Foraging, feasting — and fermenting! If there's one more good F-word to keep in mind for fall it's "fermentation."
This month's beer festival in the village, coupled with all the fine feasting in restaurants and foraging in forests for pine mushrooms and more, reminded me how important fermentation is, and not just in making beer or any alcoholic brew. Fermentation has been key in various cultures throughout history for rendering otherwise indigestible food and drink digestible, as well as preserving it.
If you want to get cheeky, today also marks the start of B.C. Culture Days, so what better way to celebrate the cultures — bacterial and otherwise — we've all come to rely on than saluting our fermented friends.
"Fermentation" simply means the breakdown of something by something else, namely bacteria, yeasts and other microorganisms. It usually involves some kind of effervescence — like that nice bubbling-up effect of yeasts in bread or beer making — and the giving off of heat.
Long ago, people used the term "fermentation" in a whole other sense meaning a state of excitement or agitation, as in, "Whistler this weekend is going to be in high fermentation with Culture Days." A use worth resurrecting around these here parts!
Cheese, cider, kvass (a drink made from Russian black bread, sour and so delicious!); yogurt, kefir, pickles and sauerkraut; all things bread-ish from sourdough pancakes to Afghan bread — all these and more depend on some form or other of fermentation. It's long been a way to preserve foods, especially before refrigeration came along.
For instance, the whole thing about pickled veggies, whether dill pickles, kimchi or sauerkraut, is to establish a colony of good-for-you, healthy microbes in and on a vegetable so that unhealthy microbes you don't want can't set up house.
As fads come and go, fermented foods often rise to the top of the heap like a nicely foaming brew. Kombucha, kefir and good old-fashioned yogurt with their probiotic effects that cultivate desirable microorganisms often anchor diet trends aimed at good health and good waistlines. Usually these foods are indeed good for us but, as always, everything in moderation is the golden rule. Simply incorporate them into your regular eating routines.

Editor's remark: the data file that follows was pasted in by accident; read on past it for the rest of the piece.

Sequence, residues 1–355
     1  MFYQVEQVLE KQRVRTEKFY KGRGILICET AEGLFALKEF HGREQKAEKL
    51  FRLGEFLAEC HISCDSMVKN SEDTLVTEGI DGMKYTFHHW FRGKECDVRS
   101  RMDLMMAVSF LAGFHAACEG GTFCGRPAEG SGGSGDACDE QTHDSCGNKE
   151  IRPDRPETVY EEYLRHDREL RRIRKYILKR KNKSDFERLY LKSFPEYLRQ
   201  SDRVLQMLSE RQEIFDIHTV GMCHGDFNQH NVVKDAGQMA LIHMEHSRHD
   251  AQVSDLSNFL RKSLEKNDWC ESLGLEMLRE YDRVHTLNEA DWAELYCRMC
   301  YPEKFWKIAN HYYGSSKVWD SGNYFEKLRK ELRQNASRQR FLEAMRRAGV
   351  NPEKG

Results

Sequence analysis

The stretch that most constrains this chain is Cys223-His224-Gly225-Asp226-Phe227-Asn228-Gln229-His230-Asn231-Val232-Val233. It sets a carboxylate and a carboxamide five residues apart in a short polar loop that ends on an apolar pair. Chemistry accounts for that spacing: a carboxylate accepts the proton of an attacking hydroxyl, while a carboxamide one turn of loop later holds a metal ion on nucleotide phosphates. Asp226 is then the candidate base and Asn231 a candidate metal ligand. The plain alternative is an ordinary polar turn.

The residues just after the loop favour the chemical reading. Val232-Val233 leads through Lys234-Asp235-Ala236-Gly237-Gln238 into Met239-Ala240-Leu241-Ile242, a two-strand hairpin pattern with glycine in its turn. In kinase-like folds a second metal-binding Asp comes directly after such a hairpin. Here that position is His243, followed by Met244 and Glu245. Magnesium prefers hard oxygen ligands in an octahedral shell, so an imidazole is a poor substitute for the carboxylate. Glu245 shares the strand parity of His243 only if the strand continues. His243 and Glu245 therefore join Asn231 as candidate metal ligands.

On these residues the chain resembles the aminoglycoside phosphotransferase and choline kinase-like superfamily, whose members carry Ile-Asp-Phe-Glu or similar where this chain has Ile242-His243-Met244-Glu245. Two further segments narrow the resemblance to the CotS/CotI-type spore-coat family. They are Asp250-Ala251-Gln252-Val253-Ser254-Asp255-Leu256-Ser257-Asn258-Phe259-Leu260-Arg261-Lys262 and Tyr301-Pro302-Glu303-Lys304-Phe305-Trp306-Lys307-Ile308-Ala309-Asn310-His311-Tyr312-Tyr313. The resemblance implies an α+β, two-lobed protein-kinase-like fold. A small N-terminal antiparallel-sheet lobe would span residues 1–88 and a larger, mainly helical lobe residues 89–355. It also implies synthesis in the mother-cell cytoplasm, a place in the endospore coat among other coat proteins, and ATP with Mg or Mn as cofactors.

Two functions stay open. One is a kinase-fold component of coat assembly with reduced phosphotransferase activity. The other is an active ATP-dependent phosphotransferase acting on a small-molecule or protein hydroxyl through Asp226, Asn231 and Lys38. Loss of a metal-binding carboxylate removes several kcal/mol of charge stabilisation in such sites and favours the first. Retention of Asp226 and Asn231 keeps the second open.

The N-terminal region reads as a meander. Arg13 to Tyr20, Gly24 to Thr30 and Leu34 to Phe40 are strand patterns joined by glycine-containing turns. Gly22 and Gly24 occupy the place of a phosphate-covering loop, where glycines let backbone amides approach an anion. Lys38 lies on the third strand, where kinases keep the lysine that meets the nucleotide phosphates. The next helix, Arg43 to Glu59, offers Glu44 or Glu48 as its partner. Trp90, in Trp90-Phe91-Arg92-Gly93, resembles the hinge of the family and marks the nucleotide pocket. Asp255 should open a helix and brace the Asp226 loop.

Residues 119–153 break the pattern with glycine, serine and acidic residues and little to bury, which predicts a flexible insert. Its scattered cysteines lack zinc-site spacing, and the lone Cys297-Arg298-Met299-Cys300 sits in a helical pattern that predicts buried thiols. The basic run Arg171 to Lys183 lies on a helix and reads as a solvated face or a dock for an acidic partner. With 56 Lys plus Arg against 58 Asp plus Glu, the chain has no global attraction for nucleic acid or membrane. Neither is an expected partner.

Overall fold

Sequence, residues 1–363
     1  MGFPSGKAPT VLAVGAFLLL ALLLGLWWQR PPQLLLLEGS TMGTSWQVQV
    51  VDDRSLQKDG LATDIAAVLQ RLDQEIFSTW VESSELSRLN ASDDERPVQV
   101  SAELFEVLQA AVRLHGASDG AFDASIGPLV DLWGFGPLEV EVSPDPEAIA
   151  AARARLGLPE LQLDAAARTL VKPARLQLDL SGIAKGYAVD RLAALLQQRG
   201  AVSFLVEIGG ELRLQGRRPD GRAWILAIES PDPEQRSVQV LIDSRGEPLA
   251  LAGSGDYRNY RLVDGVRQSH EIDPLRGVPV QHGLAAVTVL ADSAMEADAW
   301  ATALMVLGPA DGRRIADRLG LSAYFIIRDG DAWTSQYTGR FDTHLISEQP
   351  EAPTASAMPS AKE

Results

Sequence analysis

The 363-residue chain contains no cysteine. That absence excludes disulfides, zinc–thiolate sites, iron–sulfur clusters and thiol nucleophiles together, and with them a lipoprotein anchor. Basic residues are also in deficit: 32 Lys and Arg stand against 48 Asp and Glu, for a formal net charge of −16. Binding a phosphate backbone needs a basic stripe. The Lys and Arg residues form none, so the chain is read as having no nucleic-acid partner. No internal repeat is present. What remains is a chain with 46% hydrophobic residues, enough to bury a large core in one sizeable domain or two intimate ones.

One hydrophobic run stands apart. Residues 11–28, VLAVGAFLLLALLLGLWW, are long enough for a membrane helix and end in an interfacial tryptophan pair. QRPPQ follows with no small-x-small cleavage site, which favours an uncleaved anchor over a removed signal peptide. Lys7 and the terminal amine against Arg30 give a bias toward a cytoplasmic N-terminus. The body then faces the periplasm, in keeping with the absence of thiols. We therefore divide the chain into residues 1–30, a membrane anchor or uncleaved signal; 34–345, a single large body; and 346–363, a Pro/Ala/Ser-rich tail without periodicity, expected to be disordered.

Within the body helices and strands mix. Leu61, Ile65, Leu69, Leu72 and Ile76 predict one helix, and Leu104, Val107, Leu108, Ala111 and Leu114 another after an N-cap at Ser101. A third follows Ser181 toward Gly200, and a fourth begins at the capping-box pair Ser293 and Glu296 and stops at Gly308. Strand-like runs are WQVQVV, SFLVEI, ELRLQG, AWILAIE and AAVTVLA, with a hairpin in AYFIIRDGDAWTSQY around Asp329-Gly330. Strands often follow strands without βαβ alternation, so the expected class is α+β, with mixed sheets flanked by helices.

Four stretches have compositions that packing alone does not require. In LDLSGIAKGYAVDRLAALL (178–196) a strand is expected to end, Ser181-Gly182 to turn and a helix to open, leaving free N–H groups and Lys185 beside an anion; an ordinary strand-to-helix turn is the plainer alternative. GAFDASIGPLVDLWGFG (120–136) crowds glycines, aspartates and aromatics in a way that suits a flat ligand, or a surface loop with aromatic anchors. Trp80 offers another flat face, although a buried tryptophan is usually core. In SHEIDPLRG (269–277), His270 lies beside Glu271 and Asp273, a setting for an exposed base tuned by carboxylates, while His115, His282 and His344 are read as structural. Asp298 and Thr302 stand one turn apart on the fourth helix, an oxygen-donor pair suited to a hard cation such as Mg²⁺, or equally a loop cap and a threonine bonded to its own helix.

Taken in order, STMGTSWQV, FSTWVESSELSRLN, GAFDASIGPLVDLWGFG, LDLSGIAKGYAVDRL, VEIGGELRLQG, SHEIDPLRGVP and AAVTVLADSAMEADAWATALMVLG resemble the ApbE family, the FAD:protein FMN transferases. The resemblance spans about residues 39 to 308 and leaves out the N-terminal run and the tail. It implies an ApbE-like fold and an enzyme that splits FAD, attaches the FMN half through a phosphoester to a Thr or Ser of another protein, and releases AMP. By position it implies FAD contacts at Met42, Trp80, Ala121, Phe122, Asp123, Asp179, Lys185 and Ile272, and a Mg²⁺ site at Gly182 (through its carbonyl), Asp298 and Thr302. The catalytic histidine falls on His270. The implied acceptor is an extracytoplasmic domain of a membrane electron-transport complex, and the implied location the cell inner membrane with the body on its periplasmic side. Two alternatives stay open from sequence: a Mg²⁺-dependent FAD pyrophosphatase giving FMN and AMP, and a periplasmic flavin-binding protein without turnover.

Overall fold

Think of tasty Korean kimchi — a combo of Chinese cabbage (napa, bok choy or otherwise) fermented with garlic, red peppers, ginger and more. In the West, it's usually overlooked, foolishly so since the ingredients alone are super healthy before the bacteria even get started.
For people like me who can't digest lactose, kimchi delivers an extra bonus — its probiotic lactic acid bacteria. Kimchi has also been researched for its anticancer, antioxidative, antiobesity properties and more.
On top of good health effects, fermentation adds distinctive flavours and textures. Thai fish sauce, or nam pla, is what it is because of the salt-loving bacteria known as halophiles which ferment the necessary mixture of salt and fish. Halophiles are key to Swedish fermented herring, too.
Sometimes, there's almost no telling where one fermented food or drink leaves off and another starts. Put up your hand if you've ever left your yogurt in the fridge too long and ended up with a cross between cheese and sour cream. Yes, that's classic fermentation at work — or overwork.
Biology professor Besty Dexter Dyer, author of A Field Guide to Bacteria, a book as useful as any field guide to trees or birds, tells us how to make our own vinegar crossing over from wine.
Sometimes wine will transform into wine vinegar on its own, with no help from us. If you have homemade vinegar, you can help the process along by introducing a teaspoonful into the wine (commercial vinegar is sterile so won't work).
If you don't have any homemade vinegar, you can make your own and have some fun while you're at it. (Kids will love this one!) Pour a pint of red wine into a small container and float about a quarter slice of white bread on top. Loosely cover it with a piece of cheesecloth, and leave it alone for about a month.
A white scum and vinegary smell should develop, says Dyer, indicating "the presence of acetic acid bacteria and a successful transformation of wine to vinegar." The scum that forms is called "mother" or "vinegar mother." Use it to make ever more vinegar.
As for "culture," it comes from the Latin word colere meaning to tend or cultivate. Yes, we need to cultivate bacteria and other microorganisms to make delicious food and drink that's good for us, but we also need to cultivate art, so enjoy Whistler's original offerings for Culture Days.
Today, the Audain Art Museum hosts the official launch for Culture Days across B.C. — how cool is that? At Arts Whistler's website, you can find listings for all things "culture" happening at Whistler this weekend — besides the local cheese offerings at stores and the farmers' market along with all the craft beer outlets.
It's all free, including free admission to the Audain Thursday evening starting 6 p.m.; the We Heart Local Art show at the library; hundreds of images from Whistler's saucy past (the '70s and '80s) at Whistler Museum; and the Sketchy Whistler Sketch Crawl. Friday and Saturday you can make your own beautiful lantern for Winter Solstice at the Maury Young Arts Centre. Maybe you'll use it as a centrepiece at your own solstice dinner featuring homemade vinegar and yogurt-cheese.
Glenda Bartosh is an award-winning journalist who cultures many unusual things at home.